Dehumanizing Body Of Slaves In Jacob's Narrative Of The Life Of Frederick Douglass

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Through literary techniques, writers are able to generate stories that arise sympathy and increase understanding of their audience, providing them with the tools necessary to bring change within society. This is demonstrated in Jacob and Douglass’s works as they embody the human correlation in races through their description of the dehumanizing body of slavery. In his autobiography, “Narrative of the Life of Frederick Douglas”, set in the early to middle 1800s in the states of Maryland, New York, New Bedford and Baltimore, Frederick Douglas highlights the cruel aspects of slavery and his transition from a boy into a young man through his escape from slavery, serving as a source of inspiration for former slaves. Similarly in the slave narrative, …show more content…
Jacobs addresses her female audience very well by staying respectful even if the topic of slavery lights up a flame full of rage inside of her. She hopes that the reader never experiences the horrors that she has seen and assures that by asking questions, “Reader did you ever hate? I hope not. I never did but once; and I trust I never shall again. Somebody has called it the atmosphere of hell and I believe it so” ( Jacobs, 38). This shows how she appeals the reader motivating them to make a change. Looking to get the reader to get a deeper understanding of the barbarities witnessed during the time of slavery, Jacobs opens chapter 7 by asking, “Why does the slave ever love? Why allow the tendrils of the heart to twine around objects which may at any moment be wrenched away by the hand of violence?” (35). These questions are purposely written to have the reader focused on romantic love, so that the primary audience of white women realize that the threat of separation exists in both races and types of relationships because of the fact that slaveholders disregarded slaves’ emotions in the process of dehumanizing them. The purpose of the implement of rhetorical questions in the slave narrative is to emerge feelings from the mostly white audience in the hopes of abolishing …show more content…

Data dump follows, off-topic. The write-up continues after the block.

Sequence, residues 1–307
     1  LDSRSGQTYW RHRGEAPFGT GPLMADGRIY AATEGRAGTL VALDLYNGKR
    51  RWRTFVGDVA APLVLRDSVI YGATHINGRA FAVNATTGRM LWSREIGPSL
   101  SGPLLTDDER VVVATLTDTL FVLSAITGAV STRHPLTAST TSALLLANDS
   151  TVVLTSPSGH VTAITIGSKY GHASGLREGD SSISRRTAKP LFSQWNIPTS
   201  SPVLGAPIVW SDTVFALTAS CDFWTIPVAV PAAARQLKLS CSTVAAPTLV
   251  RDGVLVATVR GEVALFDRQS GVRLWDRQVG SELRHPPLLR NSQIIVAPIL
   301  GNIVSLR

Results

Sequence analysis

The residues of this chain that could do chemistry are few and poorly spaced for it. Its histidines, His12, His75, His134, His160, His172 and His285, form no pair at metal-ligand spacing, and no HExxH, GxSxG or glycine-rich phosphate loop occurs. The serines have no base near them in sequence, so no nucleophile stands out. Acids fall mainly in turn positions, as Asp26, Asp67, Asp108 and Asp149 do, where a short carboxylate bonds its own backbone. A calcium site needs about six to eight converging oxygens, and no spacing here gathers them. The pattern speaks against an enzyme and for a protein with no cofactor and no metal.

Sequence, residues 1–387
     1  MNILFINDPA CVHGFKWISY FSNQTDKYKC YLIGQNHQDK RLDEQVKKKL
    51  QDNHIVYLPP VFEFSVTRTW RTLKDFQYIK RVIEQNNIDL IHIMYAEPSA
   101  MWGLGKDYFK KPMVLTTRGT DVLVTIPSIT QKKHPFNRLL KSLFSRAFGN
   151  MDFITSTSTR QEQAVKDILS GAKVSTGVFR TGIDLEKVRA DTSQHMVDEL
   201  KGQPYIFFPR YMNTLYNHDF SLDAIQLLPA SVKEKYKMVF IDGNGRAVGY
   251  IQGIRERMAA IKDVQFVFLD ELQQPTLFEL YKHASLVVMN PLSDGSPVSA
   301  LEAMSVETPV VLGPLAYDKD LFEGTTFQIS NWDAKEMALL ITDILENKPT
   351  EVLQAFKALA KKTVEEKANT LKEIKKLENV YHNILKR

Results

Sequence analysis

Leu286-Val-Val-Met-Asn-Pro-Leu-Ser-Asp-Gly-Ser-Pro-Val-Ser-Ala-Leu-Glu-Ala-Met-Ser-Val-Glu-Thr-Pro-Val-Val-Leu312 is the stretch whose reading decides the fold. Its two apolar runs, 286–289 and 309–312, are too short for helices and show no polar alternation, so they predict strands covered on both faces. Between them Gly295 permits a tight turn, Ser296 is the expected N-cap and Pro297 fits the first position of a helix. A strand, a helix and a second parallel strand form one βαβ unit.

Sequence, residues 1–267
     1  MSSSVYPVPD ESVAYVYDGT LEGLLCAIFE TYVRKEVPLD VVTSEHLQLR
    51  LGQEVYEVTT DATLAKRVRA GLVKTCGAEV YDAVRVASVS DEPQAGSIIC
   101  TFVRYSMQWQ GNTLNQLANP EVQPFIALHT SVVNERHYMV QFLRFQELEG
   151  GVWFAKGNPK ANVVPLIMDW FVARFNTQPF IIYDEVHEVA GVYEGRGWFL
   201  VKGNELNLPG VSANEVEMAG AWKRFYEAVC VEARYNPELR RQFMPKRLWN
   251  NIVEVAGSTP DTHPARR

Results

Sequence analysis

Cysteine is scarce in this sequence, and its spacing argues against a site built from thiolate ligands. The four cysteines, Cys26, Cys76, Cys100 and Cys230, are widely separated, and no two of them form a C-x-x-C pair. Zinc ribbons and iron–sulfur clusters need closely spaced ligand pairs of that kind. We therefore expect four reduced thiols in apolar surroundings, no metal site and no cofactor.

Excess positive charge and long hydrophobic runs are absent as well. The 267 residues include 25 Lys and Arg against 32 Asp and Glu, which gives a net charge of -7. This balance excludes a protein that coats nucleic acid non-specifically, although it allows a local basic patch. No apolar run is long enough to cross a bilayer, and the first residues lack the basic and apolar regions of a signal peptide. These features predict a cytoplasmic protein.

Jacobs carefully emphasizes the female slave’s acceptance of the social norms in her desire to remain chaste; sexual relationships outside of marriage were simply immoral and not accepted, implying the similarities between the women in both races. As Dr.Flint’s pursuits become more severe, Jacobs is forced with the code of protection that defy who she is as a person. Curtain that Dr.Flint will not succeed at last and full of shame Linda practically begs for her female audience’s sympathy, “What I am about to relate… I wanted to keep myself pure; and under the most adverse circumstances, I tried hard to preserve my self-respect; but I was struggling alone in the powerful grasp of the demon of Slavery; and the monster proved too strong for me” (Jacobs, 51). The reality of family separation- which was going on due to Dr.Flint’s obsessiveness, - was one of the very rare topics that created a bond between Linda and the slave audience . By mentioning this, Jacobs makes the melancholic novel more get more support from white females since she is basically letting them know that woman had the same sensitivity and makes them want to provide Linda and other female slaves under the same situation with the support that society wasn’t providing them. After

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